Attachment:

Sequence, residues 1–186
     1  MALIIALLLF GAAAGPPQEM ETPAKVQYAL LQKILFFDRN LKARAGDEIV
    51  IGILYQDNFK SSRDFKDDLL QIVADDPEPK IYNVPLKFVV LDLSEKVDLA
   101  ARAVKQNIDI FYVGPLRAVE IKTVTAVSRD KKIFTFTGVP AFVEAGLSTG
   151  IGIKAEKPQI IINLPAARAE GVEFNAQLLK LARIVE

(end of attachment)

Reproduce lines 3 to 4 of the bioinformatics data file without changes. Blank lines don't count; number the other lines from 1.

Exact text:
    51  IGILYQDNFK SSRDFKDDLL QIVADDPEPK IYNVPLKFVV LDLSEKVDLA
   101  ARAVKQNIDI FYVGPLRAVE IKTVTAVSRD KKIFTFTGVP AFVEAGLSTG